Spain's Tea Culture
One of our writers recently told us a story about how, one time, going out for breakfast he decided to order tea. In a second, his father, who was out with him, asked him if he felt sick or if his stomach hurt from something he had eaten at dinner the night before.
In a country like Spain, with a coffee and chocolate culture dating back centuries, drinking tea used to be pretty strange. Herbal teas were linked with health and there weren’t many varieties available apart from classics like chamomile for stomach aches or star anise to help gassy children (a controversial use). Drinking peppermint tea was considered a walk on the wild side in healthy life.
However, today there are cafés and stores dedicated exclusively to the sale of tea on many streets, and in many cities in Spain. Whether these places are big chains or locally owned, they offer many different types of tea to choose from (black, white, red, green…) to the point of being overwhelming at times. Have we taken on the custom of drinking tea with a fervor that would make a Brit pale in comparison?
As with everything in life, we should probably take a variety of factors into consideration. We should first look at the fact that the benefits of coffee have recently been called into question. Recently, very recently, different studies have come out about the negative effects drinking too much coffee can have on our health. Insomnia, stress, nervousness, anxiety… seem to be linked with its excessive consumption (remember that Spaniards drink a lot… up to four cups per day). Drinking a cup of black tea, which is also strong, but more “natural,” became a good alternative. In fact, some doctors started to recommend substituting coffee with tea.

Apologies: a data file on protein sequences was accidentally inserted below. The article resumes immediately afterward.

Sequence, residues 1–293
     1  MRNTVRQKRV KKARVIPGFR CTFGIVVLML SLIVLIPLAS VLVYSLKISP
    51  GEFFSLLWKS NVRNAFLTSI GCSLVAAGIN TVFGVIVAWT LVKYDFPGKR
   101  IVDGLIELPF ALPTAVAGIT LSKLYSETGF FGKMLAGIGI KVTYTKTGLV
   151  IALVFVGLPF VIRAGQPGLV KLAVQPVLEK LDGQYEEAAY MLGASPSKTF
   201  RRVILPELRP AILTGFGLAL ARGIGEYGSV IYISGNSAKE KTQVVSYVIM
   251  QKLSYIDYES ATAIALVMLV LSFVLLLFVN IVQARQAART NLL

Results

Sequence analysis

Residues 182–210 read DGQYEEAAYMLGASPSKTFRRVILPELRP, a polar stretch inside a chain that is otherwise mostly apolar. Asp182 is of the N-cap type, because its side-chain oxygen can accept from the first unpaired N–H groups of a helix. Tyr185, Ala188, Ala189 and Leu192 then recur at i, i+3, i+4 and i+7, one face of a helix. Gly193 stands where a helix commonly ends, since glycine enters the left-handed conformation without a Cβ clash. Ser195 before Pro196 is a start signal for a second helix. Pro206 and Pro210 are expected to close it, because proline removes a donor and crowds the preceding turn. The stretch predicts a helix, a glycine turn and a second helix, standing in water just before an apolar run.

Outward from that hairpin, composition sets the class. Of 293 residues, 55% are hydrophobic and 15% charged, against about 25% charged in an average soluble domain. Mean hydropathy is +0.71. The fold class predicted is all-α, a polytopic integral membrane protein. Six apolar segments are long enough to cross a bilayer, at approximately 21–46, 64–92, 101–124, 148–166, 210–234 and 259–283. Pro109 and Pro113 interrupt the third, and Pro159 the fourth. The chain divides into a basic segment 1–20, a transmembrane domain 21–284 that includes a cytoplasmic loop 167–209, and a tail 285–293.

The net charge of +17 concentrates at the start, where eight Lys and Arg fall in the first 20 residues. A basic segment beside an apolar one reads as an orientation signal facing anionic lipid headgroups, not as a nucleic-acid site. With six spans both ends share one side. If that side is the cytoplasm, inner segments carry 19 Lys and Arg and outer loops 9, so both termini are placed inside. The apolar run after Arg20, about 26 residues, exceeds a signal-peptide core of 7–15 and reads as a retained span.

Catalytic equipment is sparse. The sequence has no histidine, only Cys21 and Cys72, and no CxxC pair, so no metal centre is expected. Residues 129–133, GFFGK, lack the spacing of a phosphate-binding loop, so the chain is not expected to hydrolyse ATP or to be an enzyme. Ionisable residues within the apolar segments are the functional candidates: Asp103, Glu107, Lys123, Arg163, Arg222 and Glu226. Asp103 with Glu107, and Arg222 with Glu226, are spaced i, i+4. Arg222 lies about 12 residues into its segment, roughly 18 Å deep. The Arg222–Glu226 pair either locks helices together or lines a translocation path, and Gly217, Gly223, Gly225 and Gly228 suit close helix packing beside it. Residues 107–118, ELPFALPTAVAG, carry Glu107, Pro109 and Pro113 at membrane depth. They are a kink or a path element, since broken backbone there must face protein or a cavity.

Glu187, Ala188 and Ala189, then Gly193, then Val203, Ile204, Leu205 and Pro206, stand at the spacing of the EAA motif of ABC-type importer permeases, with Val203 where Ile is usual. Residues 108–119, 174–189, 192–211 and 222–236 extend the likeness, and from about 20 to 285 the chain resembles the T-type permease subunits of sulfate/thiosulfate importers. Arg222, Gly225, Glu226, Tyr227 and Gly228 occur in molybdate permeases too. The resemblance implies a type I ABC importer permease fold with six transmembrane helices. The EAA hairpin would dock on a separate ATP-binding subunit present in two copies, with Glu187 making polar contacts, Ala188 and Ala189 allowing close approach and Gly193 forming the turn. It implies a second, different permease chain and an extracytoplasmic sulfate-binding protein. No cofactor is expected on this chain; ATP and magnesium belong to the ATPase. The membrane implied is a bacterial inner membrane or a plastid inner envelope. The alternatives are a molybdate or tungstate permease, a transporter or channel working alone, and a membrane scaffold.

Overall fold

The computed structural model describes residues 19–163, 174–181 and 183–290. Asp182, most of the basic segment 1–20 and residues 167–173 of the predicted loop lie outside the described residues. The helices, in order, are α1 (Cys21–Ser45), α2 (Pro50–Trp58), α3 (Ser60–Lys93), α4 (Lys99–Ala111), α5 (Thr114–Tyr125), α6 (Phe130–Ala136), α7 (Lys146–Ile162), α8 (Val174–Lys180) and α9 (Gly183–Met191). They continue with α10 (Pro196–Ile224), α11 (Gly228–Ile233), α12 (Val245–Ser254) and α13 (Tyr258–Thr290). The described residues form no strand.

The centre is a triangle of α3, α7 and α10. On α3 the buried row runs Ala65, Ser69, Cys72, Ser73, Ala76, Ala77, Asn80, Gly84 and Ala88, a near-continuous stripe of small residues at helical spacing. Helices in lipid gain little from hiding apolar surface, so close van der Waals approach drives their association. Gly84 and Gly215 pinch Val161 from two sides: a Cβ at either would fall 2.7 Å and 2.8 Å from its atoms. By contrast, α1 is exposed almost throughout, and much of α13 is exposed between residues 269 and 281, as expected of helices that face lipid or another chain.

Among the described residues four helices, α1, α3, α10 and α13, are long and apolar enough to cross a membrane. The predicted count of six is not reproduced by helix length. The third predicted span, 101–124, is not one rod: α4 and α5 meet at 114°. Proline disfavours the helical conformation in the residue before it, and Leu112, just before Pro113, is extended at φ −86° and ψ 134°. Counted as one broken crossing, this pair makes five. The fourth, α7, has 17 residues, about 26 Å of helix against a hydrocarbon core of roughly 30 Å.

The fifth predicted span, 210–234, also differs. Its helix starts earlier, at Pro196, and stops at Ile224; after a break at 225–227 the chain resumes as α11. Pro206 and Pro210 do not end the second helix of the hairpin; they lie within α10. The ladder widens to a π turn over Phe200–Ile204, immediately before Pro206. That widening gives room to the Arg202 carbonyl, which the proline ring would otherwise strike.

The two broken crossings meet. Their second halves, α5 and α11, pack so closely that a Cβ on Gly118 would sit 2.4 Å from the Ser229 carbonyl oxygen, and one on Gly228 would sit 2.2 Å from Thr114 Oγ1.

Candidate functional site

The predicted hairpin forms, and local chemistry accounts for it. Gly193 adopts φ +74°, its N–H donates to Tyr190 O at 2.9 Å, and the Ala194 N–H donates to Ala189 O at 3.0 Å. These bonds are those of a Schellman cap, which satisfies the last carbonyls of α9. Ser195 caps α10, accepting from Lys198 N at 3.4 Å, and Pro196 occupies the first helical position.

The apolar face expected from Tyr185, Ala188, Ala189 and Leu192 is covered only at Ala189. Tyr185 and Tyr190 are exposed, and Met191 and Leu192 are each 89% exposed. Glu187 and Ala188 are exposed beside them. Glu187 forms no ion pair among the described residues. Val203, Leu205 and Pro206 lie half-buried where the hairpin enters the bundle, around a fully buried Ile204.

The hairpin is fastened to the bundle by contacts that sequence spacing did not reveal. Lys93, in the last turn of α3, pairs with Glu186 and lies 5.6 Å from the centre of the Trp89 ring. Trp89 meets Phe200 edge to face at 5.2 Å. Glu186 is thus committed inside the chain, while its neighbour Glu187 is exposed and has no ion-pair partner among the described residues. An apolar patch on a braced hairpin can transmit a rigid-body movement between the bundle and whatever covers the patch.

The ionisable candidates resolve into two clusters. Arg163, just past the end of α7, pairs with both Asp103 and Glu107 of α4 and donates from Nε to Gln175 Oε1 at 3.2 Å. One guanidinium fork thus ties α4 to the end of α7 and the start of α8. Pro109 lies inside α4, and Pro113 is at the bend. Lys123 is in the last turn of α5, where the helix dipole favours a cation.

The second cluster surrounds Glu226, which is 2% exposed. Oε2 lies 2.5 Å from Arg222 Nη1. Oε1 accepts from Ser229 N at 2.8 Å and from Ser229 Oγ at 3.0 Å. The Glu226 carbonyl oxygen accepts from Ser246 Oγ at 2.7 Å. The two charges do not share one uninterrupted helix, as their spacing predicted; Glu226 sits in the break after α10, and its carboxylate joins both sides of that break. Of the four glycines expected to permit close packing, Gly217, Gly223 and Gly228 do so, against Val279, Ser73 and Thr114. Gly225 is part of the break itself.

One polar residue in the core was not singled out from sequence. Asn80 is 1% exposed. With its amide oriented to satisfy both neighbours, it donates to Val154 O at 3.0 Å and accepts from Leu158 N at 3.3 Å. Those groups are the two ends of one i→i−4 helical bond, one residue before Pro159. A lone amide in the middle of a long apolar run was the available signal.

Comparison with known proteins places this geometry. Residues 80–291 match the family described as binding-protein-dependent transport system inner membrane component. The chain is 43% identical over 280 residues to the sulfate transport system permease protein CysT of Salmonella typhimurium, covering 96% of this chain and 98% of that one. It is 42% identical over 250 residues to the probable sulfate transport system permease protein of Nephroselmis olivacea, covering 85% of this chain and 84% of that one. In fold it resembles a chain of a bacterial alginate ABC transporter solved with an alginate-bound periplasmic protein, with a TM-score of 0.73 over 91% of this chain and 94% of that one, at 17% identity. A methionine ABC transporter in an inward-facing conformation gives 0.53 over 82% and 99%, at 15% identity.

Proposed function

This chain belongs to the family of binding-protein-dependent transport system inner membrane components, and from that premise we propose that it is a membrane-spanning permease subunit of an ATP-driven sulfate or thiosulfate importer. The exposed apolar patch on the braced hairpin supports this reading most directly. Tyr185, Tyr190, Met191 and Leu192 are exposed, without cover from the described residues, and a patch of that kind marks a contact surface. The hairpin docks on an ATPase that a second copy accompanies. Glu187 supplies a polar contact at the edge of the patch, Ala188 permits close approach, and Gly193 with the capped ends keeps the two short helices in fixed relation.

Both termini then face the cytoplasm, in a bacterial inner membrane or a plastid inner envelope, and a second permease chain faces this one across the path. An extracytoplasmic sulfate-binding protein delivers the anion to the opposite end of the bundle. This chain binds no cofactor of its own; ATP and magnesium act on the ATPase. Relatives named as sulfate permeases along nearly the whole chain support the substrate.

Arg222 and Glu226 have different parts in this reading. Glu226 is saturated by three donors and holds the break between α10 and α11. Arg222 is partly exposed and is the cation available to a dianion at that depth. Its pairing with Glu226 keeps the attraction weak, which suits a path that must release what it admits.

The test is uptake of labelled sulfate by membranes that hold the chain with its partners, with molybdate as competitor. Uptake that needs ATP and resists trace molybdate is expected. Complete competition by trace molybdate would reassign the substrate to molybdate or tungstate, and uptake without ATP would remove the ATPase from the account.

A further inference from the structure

Secondly, we should mention the proliferation of ethnic restaurants in Spain. In Chinese, Japanese, Lebanese or Arab restaurants you can find a wide variety of different types of tea. Trying one out of curiosity has made habitual tea drinkers out of many.
Thirdly, we should definitely cite Spain’s fascination with all things British. Period films, series about aristocracy and servants, books about glamorous families or witty stories full Britain’s famous dry humor. Why not take part in this distinctive culture with a nice cup of Darjeeling?
And lastly, we should look at how easy and fast it is to prepare tea. Isn’t it easier these days to heat up a little water, throw in a tea bag and let it steep on your way, than to wait for the office coffee maker to spit out a watery mix of bland coffee after waiting for five minutes?
It may sound corny, but some people say Spain is modernizing and opening up to the rhythm of a teaspoon clinking the side of a porcelain cup. Could it be too much to say?